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As Fall approaches, it’s time to get the strawberry patch weeded, fertilized and expanded! I want to show you how easy it is to create new strawberry plants through propagation!
Here’s my train-wreck of a strawberry patch! I’ve ignored it since harvest time (Spring), other than to “chop and drop” the chives. But with some care, I’ll be well on my way to a bountiful harvest next year!
After weeding this patch, I’m going to focus on my chive plants (see my post about companion planting chives with strawberries here!).
Chives bring potassium and calcium to my patch, which is exactly what strawberries LOVE! While just the plant’s presence does wonders, like repel bad insects, it’s also helpful to “chop and drop” the greens.
This is easy enough to do, simply grab the chives plant like you would a ponytail, and just clip 3-4 inch cuttings and let them drop on the ground.
Now, I’m going to look for “runners”. Runners are simply the strawberry plant’s offspring, or babies. If you don’t trim them from the mother plant once they have rooted, it’s put a lot of addition stress on that mother plant. (There’s a life lesson in there somewhere!) So once the runners have little root systems, it’s time to grow on their own and absorb their own nutrients!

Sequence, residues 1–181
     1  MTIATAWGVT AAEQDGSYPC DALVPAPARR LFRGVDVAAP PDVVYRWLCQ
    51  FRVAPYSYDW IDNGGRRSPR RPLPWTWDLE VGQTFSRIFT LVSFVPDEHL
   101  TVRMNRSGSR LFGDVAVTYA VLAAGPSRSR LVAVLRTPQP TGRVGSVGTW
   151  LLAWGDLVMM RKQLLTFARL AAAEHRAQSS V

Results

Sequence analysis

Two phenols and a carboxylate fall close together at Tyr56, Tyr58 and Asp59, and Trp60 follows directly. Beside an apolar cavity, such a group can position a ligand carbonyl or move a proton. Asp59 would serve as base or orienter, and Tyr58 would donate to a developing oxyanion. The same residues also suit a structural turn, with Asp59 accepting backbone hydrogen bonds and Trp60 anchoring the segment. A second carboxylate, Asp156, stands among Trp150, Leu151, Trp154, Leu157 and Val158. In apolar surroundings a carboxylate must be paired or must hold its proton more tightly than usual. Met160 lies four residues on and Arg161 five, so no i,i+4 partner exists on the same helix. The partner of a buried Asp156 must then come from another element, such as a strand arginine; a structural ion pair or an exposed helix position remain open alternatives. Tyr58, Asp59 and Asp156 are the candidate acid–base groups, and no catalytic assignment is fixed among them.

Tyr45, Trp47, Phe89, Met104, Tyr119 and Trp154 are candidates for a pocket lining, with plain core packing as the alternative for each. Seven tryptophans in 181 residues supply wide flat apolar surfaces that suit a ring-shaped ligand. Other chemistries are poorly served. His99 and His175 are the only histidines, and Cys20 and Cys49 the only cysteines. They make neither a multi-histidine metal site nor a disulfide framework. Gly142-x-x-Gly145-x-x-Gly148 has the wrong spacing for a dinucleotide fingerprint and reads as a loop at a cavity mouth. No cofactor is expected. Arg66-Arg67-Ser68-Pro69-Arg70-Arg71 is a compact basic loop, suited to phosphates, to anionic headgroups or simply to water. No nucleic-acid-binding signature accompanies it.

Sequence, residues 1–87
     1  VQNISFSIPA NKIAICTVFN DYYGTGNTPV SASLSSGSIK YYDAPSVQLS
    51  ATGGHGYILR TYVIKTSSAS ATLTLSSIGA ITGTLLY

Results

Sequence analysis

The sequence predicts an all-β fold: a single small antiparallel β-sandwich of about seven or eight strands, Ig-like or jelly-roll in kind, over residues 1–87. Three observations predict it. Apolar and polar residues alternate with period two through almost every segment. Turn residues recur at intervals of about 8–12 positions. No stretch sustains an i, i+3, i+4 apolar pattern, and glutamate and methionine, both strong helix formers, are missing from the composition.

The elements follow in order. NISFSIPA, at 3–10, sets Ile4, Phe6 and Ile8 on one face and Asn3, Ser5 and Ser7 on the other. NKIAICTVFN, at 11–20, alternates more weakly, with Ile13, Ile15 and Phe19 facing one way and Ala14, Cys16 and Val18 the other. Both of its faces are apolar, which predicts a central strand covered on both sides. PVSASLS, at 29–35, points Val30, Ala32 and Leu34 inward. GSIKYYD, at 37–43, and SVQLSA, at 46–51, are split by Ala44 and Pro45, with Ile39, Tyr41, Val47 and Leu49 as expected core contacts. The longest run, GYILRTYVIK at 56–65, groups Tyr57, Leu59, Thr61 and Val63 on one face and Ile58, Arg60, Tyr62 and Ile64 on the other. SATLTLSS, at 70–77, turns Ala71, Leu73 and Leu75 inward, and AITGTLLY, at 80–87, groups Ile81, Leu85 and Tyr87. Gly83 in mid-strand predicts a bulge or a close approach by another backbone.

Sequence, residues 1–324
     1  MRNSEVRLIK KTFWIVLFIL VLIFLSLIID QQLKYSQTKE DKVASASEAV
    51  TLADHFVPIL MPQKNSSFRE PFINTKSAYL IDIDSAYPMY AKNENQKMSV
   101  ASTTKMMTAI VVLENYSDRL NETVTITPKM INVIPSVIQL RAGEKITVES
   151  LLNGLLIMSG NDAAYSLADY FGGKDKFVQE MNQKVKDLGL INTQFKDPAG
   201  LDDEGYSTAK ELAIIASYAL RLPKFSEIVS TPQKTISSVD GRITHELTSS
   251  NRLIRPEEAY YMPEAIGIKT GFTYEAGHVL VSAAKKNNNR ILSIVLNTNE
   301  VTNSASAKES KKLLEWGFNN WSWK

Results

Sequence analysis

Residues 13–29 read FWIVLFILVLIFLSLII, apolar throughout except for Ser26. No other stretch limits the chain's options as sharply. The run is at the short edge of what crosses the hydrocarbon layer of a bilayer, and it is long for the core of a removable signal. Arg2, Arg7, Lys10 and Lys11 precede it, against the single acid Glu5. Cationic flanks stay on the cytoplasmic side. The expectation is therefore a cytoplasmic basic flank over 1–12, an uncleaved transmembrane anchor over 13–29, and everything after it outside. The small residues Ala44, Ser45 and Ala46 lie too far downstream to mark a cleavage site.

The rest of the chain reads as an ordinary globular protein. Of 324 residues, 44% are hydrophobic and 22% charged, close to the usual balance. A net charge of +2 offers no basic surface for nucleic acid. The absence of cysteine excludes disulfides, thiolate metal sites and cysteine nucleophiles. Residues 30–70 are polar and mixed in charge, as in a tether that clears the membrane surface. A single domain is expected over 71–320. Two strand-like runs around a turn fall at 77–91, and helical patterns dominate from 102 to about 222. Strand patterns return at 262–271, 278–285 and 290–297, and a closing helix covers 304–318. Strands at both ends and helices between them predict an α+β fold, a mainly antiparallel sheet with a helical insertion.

These runners often times take root somewhere all by themselves. However, I like to create rows in my strawberry patch. This runner hasn’t taken root yet, so I will just give it a snip to separate it from the mother plant, and place it where I would like it to be.
Cover the roots, but don’t bury the plant too deep, just up to the crown. Water, but don’t soak.
It didn’t take long to create a couple of new rows of strawberry plants in my garden! All for free!!
If you don’t want to expand your garden, be sure to offer your runners to someone else who might just love to get a strawberry patch going!